Controversial pilot program buys plane tickets for Hawaii homeless
'Return to Home' program set to begin within three months
Not everyone's convinced the state's new "Return to Home" program will work.
"That's a lady, this is Al, that's Felix up there, another guy," explained Don "Action" Jackson, pointing to a row of tents and tarps in Kaka'ako where homeless people live.
Jackson told KITV reporter Lara Yamada he's been homeless, hanging out around there for nearly six years, and has no intention of moving.
"If I can't be here, I'd go over there, or across the street, or back over there," he said, pointing in different directions.
But with some 17,000 homeless people now living on Hawaii streets, lawmakers are getting desperate for solutions.
For the first time, a controversial new pilot program called "Return to Home" netted the money and support for a drastic approach this legislative session: $100,000 a year, for three years, to buy plane tickets to send the homeless -- home.
"It's kind of frustrating that I work 40 hours a week, and to send somebody back, well, I wanna go home, too," said Danielle Bourlier.
"Statistically, 20 to 30 percent of Hawaii's homeless population migrated to the islands recently, within the last two to three years, and for a lot of them, their dreams didn't materialize and they're caught within our islands wanting to go back home," said Rep. Rida Cabanilla by Skype from Las Vegas.
Lawmakers estimate it will cost taxpayers about $500 a pop to send people elsewhere, but argue it will cost taxpayers even more to keep them here anyway.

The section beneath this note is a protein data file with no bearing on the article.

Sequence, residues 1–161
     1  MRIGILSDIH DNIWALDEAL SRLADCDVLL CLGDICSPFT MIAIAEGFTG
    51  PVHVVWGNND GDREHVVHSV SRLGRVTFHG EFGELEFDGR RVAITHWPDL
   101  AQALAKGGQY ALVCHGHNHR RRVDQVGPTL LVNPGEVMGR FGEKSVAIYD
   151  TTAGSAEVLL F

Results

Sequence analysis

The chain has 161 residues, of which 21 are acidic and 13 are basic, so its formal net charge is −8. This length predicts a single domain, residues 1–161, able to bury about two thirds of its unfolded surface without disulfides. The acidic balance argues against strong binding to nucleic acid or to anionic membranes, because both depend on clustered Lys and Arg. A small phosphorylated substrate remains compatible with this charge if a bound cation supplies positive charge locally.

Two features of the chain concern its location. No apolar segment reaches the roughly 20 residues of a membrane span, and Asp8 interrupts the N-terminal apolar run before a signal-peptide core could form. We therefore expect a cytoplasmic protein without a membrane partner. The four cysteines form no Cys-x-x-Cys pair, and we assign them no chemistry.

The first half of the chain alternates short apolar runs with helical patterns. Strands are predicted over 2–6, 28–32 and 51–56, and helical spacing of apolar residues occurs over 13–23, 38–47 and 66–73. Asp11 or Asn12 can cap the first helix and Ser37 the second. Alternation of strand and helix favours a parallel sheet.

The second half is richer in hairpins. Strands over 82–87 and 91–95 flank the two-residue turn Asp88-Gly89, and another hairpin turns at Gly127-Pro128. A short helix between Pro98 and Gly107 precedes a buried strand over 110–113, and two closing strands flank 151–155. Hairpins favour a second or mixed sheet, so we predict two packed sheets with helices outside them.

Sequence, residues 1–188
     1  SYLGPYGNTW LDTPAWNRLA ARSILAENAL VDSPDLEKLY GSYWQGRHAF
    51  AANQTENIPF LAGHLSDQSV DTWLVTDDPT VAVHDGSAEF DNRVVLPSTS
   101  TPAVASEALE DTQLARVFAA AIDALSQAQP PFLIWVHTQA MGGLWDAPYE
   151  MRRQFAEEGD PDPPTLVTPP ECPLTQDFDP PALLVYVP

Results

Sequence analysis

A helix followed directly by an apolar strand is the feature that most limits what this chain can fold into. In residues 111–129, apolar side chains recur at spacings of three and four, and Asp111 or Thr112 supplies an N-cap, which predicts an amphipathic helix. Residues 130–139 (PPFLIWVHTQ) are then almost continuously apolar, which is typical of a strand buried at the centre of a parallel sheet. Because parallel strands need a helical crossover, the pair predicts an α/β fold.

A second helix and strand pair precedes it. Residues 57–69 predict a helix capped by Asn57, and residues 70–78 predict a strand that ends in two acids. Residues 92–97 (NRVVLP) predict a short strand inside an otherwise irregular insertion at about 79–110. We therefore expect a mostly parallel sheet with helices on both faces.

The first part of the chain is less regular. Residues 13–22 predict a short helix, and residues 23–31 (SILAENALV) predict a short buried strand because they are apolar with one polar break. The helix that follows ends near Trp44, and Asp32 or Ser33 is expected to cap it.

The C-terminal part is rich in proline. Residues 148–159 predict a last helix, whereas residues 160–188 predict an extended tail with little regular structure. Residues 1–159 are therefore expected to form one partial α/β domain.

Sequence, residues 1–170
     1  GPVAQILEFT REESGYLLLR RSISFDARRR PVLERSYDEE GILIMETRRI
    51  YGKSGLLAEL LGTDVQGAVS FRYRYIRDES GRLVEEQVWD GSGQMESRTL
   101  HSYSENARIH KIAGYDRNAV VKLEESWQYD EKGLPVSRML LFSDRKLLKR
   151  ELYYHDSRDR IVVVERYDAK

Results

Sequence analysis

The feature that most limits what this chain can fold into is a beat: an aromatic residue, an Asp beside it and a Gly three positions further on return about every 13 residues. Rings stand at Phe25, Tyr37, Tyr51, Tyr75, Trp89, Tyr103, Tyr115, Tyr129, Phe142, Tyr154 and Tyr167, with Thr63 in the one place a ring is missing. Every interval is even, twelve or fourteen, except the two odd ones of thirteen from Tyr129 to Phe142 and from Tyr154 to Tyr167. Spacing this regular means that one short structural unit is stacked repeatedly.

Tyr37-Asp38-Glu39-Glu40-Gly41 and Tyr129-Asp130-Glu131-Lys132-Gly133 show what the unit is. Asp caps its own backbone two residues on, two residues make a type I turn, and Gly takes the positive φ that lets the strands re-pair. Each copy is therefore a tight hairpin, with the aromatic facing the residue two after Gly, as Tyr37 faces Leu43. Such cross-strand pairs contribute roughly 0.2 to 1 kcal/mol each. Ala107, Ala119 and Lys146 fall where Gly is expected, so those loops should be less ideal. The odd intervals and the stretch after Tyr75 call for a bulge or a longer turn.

"Every homeless person gets a minimum of $700 a month in cash assistance or food stamps. They get that automatically," she said.
But the Department of Human Services predicts the program will be "...costly and administratively burdensome...," adding the state will also have to pay for identification, background checks, transportation and hygiene for a program not everyone's convinced will help.
"We've kicked people off beaches, off parks, recently we kicked them off sidewalks," said Tom Gill.
"A ticket to wherever. Unless they have some goals, you're just sending them to another state with the same problems they had out here," said Jackson.
Cabanilla said the voluntary program should start within the next three months -- where participants must have a designated person on the mainland picking them up.
Despite big reservations by state agencies and other organizations, she said in 2012 the state spent $63 million on Hawaii's homeless, and believes the program is worth a shot.
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